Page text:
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Foreign News: Most Noble

4 minute read
TIME

The very flower of Britain’s wartime heroes donned crimson and white robes of chivalry, last week, and assembled as the Most Noble Order of the Bath. The order is primarily militant. Civilians aspire to the Garter, but seldom to the Bath. Therefore last week it was a military pageant which moved with clanking swords through London, entered famed Westminster Abbey, traversed the long nave, and stamped with martial tread into the majestic, vaulted Chapel of Henry VII.

Connoisseurs know that in the lacelike stonework of this Chapel and in its cunningly carved oak chair stalls the English Gothic Style attained its richest and most intricate perfection. The resplendent scene was one to quicken blase hearts, as each Knight mounted to his carved niche, grasped his sword by the blade, and extended its upraised hilt toward the High Altar.

Dwarfed only by the Divine Presence, stood His Majesty, George V. King and Emperor, with two sturdy pages to support his long crimson and white train. At one side of the Altar sat Her Majesty, Mary, Queen and Empress, clad in a long, shimmering cloak of gold tissue with hat to match. In sombre contrast was the Cross Bearer, his face obscured by an early Saxon monkish cowl. The high purpose of His Majesty in convoking the Order, for the fourth time in the 18 years of his reign, came to august fruition as he proceeded to induct twelve new Knights of the Grand Cross of the Bath.

Foremost among the twelve loomed Field Marshal Viscount Allenby, still spruce at 67, who realized in 1917 the dream of Medieval Crusaders by capturing the Holy City of Jerusalem from Infidels who are still Infidels. Likewise among the twelve is Admiral Earl Jellicoe, trim and hearty at 68, who commanded the British Grand Fleet in the victorious though costly action at Jutland (1916) after which Ger mans did not again dispute the seas with Britons. The remaining Knights inducted, last week, were: General Sir Josceline Heneage Wodehouse, General Sir John Maxwell, Lieutenant General Sir Alfred Keogh, Admiral Sir Henry Bradwordine Jackson, Admiral Baron Wester Wemyss, Admiral Sir Charles Madden, Lt. Col. Sir Maurice Hankey, Sir Eric Geddes,* Sir Hubert Llewellyn Smith and Baron Brad bury of Winsford. As a stirring climax to the induction of the Twelve, there was administered to them this Knightly Oath: “You shall honor God above all things ; you shall be steadfast in the faith of Christ. You shall love the King your Sovereign Lord, and him and his right defend to your power. You shall defend maidens, widows and orphans in their rights and shall suffer no extortion as far as you may prevent it, and of as great honor be this order unto you as ever it was to any of your progenitors or others.” After so ennobling a ceremony observers regretted that they could not banish from memory the gross legend which recounts how King Henry IV (1367-1413) was moved to establish the Order of the Bath. A certain courageous soldier had knelt before the Sovereign to be knighted, but His Majesty, although not squeamish, recoiled at the kneeling man’s terrific exudations. Tactful, King Henry IV, is said to have thereupon declared: “This brave fellow requires rest and refreshment after his prolonged heroism. Take him away and give him a bath and fresh raiment and sustenance. Then bring him again before me to be knighted.”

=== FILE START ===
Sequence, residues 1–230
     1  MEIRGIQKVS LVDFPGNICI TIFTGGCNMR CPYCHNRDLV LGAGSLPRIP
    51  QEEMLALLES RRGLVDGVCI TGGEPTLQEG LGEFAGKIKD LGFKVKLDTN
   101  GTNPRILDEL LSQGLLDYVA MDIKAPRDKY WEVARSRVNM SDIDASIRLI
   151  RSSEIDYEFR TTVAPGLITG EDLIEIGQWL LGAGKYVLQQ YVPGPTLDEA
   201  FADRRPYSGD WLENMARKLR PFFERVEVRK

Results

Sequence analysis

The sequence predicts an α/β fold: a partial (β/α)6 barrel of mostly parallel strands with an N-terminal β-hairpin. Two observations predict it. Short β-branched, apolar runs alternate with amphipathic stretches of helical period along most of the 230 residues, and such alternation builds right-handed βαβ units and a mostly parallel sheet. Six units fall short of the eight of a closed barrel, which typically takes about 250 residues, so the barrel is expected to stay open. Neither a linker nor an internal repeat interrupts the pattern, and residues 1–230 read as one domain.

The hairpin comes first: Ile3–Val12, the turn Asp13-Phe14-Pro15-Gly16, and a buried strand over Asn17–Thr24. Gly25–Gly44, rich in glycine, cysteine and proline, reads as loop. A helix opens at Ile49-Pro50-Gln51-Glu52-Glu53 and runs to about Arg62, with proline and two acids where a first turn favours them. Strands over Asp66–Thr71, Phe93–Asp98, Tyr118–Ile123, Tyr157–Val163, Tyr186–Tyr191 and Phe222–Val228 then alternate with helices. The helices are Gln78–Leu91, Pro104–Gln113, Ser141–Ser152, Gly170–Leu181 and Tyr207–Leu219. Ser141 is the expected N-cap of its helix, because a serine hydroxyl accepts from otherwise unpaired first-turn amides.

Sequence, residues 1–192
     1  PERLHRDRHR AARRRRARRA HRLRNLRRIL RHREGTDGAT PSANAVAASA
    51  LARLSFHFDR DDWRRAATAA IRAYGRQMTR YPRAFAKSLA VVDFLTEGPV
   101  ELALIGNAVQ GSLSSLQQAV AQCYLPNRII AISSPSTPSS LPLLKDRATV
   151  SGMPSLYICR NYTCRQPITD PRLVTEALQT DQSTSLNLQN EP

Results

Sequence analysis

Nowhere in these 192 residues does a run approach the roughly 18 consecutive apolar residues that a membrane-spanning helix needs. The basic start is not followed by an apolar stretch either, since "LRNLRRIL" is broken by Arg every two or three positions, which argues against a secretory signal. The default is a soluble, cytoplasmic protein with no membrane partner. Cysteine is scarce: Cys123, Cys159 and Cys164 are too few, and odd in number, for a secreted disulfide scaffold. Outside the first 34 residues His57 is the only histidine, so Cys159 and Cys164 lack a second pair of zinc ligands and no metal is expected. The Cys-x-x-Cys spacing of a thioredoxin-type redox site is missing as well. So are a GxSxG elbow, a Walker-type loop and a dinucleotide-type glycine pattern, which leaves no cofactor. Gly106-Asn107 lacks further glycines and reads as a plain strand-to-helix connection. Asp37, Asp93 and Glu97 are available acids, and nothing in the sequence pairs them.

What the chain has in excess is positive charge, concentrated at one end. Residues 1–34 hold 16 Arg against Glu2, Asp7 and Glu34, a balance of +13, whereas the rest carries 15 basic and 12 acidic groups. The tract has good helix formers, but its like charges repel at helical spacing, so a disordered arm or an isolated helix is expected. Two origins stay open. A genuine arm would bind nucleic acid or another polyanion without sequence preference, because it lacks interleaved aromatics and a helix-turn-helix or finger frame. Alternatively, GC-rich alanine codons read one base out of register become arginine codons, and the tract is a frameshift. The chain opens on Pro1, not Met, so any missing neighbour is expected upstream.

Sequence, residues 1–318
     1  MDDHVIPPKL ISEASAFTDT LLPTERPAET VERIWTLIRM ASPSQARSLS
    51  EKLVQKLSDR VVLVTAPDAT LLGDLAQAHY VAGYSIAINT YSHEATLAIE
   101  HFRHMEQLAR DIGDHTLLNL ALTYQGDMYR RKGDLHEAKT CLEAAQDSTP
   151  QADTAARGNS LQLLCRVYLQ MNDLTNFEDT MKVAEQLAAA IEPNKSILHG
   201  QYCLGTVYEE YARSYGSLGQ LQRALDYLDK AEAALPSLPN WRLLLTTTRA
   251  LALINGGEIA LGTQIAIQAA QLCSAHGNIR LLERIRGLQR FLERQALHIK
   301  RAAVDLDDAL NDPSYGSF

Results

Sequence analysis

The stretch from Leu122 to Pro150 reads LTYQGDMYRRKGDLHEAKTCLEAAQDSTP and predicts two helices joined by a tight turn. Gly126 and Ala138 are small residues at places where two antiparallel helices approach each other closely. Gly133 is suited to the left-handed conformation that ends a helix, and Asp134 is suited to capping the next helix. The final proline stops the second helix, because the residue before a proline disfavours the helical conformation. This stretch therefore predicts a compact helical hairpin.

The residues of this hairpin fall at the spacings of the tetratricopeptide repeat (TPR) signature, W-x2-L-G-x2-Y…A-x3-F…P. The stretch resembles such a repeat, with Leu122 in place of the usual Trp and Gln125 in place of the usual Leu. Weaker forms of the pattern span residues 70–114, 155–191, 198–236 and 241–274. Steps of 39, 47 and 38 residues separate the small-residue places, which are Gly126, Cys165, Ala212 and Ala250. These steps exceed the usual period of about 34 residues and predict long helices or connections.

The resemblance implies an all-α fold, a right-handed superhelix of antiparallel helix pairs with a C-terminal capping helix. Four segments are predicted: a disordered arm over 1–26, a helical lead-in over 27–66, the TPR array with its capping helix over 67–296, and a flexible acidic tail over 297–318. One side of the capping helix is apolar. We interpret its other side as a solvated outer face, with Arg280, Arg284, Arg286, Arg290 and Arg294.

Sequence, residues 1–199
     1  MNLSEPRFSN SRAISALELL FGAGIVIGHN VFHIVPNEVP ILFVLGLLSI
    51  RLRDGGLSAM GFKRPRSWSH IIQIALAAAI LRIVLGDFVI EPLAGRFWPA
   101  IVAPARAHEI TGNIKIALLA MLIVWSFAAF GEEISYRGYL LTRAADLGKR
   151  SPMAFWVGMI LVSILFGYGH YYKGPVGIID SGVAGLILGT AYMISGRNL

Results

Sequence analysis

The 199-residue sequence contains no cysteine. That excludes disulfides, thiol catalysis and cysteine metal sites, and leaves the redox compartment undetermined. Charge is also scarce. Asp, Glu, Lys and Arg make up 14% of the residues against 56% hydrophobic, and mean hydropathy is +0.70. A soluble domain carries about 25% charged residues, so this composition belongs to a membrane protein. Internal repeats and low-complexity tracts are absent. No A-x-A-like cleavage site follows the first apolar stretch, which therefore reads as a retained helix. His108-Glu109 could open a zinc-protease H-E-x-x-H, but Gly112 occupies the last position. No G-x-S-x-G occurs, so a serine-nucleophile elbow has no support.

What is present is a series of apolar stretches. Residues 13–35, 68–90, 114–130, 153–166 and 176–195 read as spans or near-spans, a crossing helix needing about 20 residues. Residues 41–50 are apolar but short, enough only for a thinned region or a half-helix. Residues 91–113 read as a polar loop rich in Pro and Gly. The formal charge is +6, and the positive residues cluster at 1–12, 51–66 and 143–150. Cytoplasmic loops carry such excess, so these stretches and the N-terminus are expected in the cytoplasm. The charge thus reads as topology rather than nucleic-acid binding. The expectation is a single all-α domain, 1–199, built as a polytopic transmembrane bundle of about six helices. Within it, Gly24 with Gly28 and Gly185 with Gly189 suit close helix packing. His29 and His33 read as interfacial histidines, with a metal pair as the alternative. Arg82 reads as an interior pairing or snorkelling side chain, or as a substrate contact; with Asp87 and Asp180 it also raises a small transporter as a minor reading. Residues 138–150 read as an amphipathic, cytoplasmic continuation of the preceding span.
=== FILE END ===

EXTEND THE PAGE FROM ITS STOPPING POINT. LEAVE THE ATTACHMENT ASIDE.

*Though a paunchy civilian and chiefly famed as Chairman of the Dunlop Rubber Co., he could squeak into the militant Order of the Bath through having been, during the War, an Honorary Major General and then First Lord of the Admiralty.

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